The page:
National Party leader Christopher Luxon might have Covid but, before the positive RAT and the isolation, he hit pay dirt with his state of the nation speech.
Tax cuts are a winner, especially in a country with a government that has done the exact opposite.
When you are on the average wage and a chunk of your income is trapped by the top tax rate, and when you add the GST on, and then in excess of half of what you earn goes to the government, there is plenty of rich material for a debate on whether you’re being overtaxed, and whether the government that is overtaxing you is using your money more wisely than you would.
But that wasn’t the big victory for Luxon. The trap he laid for Prime Minister Jacinda Ardern has turned out to be a winner because she walked right into it.
I assume she realises she has walked into it, because watching her in the house this week she is tense, defensive and over it.
The trap was the cost-of-living “crisis”.
The trap is whether the Government admits it’s a crisis. National can’t lose, because if she does, she is the architect of the crisis, and if she doesn’t, she looks removed from all reality.
Whether Luxon was basing all this on past experience I don’t know, but National got caught in the same mad game several years back when housing became a political minefield.
The clever thing to have done was to steer clear given that governments, as I have argued many a time, do not dictate the housing market.
That, by the way, is another trap Labour has walked into.
Famously, at the party retreat in the early part of 2020, Jacinda Adern grandiosely announced that house prices were out of control and she was going to fix them.
She has of course done exactly the opposite.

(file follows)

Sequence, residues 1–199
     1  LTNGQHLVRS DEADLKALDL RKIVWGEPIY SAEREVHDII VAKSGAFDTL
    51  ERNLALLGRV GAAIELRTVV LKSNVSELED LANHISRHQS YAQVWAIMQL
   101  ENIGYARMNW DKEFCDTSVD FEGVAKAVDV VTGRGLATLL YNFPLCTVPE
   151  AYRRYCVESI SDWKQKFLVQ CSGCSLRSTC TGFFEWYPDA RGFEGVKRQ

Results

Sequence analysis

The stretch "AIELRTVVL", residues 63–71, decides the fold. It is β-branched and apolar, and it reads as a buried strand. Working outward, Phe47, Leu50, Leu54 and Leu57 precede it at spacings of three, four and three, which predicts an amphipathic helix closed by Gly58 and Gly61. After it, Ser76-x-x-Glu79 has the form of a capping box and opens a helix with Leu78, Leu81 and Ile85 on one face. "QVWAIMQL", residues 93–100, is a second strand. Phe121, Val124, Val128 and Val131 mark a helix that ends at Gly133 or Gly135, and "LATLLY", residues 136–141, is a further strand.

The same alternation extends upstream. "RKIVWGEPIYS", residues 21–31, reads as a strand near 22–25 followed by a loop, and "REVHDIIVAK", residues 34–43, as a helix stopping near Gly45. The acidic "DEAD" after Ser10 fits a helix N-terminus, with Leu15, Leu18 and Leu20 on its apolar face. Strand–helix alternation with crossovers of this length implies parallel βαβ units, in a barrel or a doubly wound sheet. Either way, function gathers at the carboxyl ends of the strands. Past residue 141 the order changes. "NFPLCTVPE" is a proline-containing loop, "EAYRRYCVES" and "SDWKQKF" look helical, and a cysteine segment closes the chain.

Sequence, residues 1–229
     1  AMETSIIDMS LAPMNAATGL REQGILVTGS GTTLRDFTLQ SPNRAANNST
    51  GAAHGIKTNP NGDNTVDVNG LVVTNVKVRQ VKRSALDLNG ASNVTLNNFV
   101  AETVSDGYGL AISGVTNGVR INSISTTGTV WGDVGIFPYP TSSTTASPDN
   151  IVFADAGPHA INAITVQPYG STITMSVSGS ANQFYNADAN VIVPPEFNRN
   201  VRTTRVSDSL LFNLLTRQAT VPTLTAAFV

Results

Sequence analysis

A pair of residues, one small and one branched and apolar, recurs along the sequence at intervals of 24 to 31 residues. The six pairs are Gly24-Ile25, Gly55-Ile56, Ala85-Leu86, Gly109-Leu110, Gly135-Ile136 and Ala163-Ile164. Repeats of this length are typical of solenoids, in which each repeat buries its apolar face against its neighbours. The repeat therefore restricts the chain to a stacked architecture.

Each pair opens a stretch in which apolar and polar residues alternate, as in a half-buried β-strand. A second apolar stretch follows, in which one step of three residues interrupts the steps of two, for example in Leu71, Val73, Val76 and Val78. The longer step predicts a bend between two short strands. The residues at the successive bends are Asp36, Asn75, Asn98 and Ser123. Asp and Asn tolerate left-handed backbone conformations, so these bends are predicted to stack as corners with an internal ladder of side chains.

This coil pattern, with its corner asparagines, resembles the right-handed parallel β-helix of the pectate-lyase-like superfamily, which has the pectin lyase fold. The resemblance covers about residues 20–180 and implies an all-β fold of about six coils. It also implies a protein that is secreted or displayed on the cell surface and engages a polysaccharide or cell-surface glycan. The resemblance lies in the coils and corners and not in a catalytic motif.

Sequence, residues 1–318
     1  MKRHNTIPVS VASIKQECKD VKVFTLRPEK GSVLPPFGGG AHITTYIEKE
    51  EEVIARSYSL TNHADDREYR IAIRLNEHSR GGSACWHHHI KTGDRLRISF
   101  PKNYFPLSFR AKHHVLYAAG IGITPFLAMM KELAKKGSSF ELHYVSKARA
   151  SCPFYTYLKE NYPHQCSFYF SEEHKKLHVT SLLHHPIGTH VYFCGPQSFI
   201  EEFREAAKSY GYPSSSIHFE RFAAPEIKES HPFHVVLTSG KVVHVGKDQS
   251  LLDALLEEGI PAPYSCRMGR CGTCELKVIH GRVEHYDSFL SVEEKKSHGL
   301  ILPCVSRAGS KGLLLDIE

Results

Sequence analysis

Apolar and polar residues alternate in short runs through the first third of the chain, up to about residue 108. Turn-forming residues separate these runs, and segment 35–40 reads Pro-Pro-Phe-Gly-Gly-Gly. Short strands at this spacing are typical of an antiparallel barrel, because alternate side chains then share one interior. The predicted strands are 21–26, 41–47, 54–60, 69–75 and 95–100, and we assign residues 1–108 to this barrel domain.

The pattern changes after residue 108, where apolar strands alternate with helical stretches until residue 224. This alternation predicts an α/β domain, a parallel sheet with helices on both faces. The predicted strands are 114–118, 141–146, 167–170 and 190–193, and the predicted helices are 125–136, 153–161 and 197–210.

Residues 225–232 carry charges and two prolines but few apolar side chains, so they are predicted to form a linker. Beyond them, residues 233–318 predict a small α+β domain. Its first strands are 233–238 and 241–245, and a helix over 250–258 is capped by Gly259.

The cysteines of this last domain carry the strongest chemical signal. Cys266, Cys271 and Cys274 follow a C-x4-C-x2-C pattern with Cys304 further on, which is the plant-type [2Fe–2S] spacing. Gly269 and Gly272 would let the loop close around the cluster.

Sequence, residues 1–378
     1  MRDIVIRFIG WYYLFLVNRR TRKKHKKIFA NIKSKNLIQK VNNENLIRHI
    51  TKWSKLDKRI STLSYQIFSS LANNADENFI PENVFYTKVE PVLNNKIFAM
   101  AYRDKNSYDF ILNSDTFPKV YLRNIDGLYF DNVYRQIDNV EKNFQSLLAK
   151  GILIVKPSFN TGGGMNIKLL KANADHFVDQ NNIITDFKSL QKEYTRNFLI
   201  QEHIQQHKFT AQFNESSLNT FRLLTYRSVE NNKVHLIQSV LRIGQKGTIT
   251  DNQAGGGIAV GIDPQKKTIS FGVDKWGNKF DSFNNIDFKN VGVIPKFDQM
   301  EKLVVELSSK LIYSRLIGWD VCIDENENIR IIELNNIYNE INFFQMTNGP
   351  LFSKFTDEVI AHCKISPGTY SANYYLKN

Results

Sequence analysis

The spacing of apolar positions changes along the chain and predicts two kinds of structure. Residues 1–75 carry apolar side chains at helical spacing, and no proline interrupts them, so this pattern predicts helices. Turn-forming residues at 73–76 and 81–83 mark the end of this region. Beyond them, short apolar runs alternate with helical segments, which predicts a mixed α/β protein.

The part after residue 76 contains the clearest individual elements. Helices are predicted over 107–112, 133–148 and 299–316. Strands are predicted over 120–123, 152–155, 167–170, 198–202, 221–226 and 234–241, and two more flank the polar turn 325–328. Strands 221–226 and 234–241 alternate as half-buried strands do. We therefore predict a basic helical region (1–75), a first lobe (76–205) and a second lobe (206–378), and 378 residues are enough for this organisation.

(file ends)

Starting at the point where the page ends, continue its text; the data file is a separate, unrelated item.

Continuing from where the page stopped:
The numbers out just this week showed affordability is at an all-time low, the Government is reviewing its completely botched lending rules that made getting money – especially for first-home buyers – even more difficult, and the famous Grant Robertson line about “tilting the market towards the first-home buyer” is now in tatters.
But back to the cost of living.
When a Prime Minister on half a million dollars a year tells people on less than 10 per cent of that there isn’t a crisis, the “let them eat cake ” cloak of arrogance is draped ominously on her shoulders.
There is no doubt, we have a cost-of-living crisis, we live it every day.
Everyone is an expert in the cost of living; in the price of petrol, in the cost of the groceries and on the things we’ve already given up getting because the price of everything is rising … and fast.
She also made the critical error of pretending that wages have outstripped inflation since her time in office.
It’s not true.
It’s not true on average over her four years, and it’s especially not true in the past six months, nor will it be true for the remaining time she has in office.
In the latest numbers we have, inflation is 5.9 per cent. Wages have gone up less than half that.
The ANZ this week is forecasting inflation to peak at 7.5 per cent. Are wages going to rise at anywhere close to that level? Of course not.
We are going backwards at a rate of knots, if you hear different from this government they are either fudging figures or straight-up misleading you.
But then, in a way, the figures don’t matter – just look at your shopping trolley and tell me we don’t have a crisis.
They’ll also tell you it’s everyone else’s fault. This cost-of-living issue has been imported, the government says, it’s affecting everyone. Well, that’s only partially true.
Non-tradeable inflation, that’s the stuff we create locally, is the second-highest in the world, they can’t hide from that.
Their spending, their borrowing, their scattergun distribution of cash they never had around the non-productive parts of the economy, is now coming back to haunt them.
Nothing but nothing finishes a government off faster than a bad economy.
National, with tax cuts on offer, will let you decide more of your own economic outlook, while Ardern and Robertson will tell you they know better.
With one speech and one line, in less than a week, Luxon can sit out his self isolation knowing he has turned the tide on his election chances. He has policy alternatives, and he has a government looking removed and out of touch, with a leader pretending what’s in front of every single one of us isn’t real.
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